Last October, Quebec’s Coalition Avenir Québec (CAQ) government introduced its promised electoral reform legislation, Bill 39, and in February the National Assembly’s Commission on Institutions held public hearings on the bill. In its brief, the Mouvement Démocratie Nouvelle (MDN), the pro-reform lobby that has long campaigned for electoral reform, complimented the government for living up to its commitment. However, it expressed disappointment with some important aspects of the proposed law.

Bill 39 sets out a version of a mixed compensatory electoral system for Quebec, based on the regional version used in Scotland, known as mixed-member proportional or MMP. In a mixed compensatory system, the territory is divided into electoral regions, each comprising a certain number of electoral districts. Consider a region which currently has 10 seats: under a mixed compensatory system there would be six districts and four compensatory seats. Each voter casts two votes: one for a party and one for a district candidate. If a given party wins 30 per cent of the party votes in the region, it is entitled to a total of three seats. If its candidate came first in two of the district seats, the person at the top of its regional list would be allocated one of the four compensatory seats.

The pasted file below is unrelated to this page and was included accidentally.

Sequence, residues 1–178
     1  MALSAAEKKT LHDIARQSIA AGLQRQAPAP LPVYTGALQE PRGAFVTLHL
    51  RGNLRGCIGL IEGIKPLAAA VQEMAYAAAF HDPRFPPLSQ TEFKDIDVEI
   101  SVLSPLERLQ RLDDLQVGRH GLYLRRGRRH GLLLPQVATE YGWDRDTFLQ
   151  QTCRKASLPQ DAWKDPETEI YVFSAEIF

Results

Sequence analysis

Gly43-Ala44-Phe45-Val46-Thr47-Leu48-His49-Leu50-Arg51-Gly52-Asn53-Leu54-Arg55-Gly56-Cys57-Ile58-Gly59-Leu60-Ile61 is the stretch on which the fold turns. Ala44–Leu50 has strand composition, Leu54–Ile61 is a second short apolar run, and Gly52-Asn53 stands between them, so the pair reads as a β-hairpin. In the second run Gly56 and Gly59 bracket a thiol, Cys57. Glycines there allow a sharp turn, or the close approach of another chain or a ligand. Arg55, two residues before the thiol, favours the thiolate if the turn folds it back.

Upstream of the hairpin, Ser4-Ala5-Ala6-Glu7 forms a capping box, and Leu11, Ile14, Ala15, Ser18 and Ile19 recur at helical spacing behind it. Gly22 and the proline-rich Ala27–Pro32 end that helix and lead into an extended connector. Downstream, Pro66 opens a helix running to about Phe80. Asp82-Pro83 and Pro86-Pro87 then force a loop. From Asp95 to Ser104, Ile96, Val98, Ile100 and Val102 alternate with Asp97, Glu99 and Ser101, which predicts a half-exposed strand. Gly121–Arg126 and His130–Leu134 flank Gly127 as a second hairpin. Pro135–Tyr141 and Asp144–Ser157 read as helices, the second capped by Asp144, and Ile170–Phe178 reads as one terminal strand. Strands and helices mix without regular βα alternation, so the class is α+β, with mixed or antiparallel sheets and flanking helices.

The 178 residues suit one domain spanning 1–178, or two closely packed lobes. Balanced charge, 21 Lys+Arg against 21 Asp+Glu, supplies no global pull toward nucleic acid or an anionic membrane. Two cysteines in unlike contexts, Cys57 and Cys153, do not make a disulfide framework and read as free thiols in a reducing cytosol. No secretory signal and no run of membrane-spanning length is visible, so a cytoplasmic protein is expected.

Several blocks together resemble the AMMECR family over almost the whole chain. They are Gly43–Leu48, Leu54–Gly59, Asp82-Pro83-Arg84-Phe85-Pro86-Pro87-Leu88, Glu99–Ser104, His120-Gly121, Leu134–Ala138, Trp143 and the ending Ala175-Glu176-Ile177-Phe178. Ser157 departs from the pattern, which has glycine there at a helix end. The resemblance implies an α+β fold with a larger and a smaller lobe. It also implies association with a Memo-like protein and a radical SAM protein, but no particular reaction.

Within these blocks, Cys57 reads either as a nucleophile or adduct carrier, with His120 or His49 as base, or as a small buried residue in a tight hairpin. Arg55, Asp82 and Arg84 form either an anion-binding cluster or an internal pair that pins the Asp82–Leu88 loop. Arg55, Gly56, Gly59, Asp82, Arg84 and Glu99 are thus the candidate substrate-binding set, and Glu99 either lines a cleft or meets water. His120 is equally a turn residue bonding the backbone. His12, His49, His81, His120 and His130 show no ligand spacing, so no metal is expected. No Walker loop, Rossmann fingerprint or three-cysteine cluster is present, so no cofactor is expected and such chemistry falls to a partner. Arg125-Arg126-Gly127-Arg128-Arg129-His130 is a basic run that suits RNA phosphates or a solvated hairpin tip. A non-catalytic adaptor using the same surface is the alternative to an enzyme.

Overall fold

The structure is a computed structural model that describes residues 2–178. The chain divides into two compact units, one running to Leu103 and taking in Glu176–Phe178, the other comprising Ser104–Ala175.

The same proportional principle would apply to all parties – in practice there are complications in the allocation of seats that are resolved through what is called the d’Hondt method after the 19th-century Belgian mathematician who described it. Other things being equal, a party would need roughly 7.5 per cent of the vote to be allocated a list seat. Moreover, an element of disproportionality is built in. For example, party “A” could win all six districts with 50 per cent of the regional party vote – an infrequent but by no means unheard of eventuality. In that case, party “A” would be overrepresented by one seat, and one too few list seats would be left to fully compensate the other parties.